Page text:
In my limited tests, photos on the new iPhones weren’t noticeably better, but that’s because the 5s already takes good photos. The Icon tends to take better night shots, but its response time is slow and night images sometimes look grainy and distorted. I have found the camera on the 5s to be consistently good, and the new iPhones won’t disappoint.
Where improvement is obvious is in some new features:
— There’s now a second slow-motion mode — for video at one-fourth the normal speed, rather than just half the speed in the 5s.
— A time-lapse feature lets you combine multiple still shots from the same location over a period of time. Think of those fast-moving videos showing an entire building being constructed in just a minute. I had fun making joggers in Central Park appear to be superhero fast.
— The front camera can now take 10 shots a second in a burst mode, matching what the rear camera can do. You can choose the best shot for selfies. The front camera also lets in more light than before.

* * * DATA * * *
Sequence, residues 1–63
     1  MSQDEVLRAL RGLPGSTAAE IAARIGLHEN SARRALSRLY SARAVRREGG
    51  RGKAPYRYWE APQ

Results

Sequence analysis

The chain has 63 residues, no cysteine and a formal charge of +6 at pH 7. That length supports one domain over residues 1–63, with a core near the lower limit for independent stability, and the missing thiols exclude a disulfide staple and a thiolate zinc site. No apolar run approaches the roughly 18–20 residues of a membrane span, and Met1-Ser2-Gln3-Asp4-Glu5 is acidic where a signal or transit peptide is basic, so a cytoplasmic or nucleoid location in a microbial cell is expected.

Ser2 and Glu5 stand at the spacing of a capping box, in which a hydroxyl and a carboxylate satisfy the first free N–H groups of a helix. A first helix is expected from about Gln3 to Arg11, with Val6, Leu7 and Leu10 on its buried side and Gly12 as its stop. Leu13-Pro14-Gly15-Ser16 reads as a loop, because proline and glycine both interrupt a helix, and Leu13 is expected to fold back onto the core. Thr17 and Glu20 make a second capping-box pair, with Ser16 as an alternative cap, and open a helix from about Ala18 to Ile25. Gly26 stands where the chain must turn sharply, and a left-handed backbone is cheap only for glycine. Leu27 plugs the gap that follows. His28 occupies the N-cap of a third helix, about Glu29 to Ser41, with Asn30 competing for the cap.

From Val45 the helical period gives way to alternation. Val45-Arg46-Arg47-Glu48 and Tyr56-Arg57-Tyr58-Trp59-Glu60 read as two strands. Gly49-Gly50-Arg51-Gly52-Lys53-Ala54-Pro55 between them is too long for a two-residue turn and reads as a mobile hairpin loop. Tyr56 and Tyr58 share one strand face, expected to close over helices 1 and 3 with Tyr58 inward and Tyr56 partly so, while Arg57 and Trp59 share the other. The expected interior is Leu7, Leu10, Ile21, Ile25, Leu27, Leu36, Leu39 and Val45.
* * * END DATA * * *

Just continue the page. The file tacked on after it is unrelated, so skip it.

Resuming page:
The time-lapse and front burst features are part of the new iOS 8 software, so the iPhone 5s gets the improvements with a free download. All iOS 8 phones also have an easier way to adjust exposure, in case the sensors don’t get it right.
— Storage and pricing.
It’s tempting to get the cheapest models with 16 gigabytes of storage — in the case of the iPhone 6, for $200 with a two-year service contract. But phones fill up quickly with photos, music and apps, and iPhones don’t let you add storage.
Fortunately, Apple is doubling the storage for its top two models. So $300 at the contract price gets you 64 gigabytes instead of 32 GB, while $400 gets you 128 GB rather than 64 GB. I recommend getting at least 64 GB.
For the Plus models, add $100 to the price. If you don’t want a contract with your carrier, add another $450 for an unlocked version.
Remember: if you have a discounted rate with AT&T because you have fulfilled your two-year contract, getting a new phone at a subsidized price will bump your monthly service fee back up.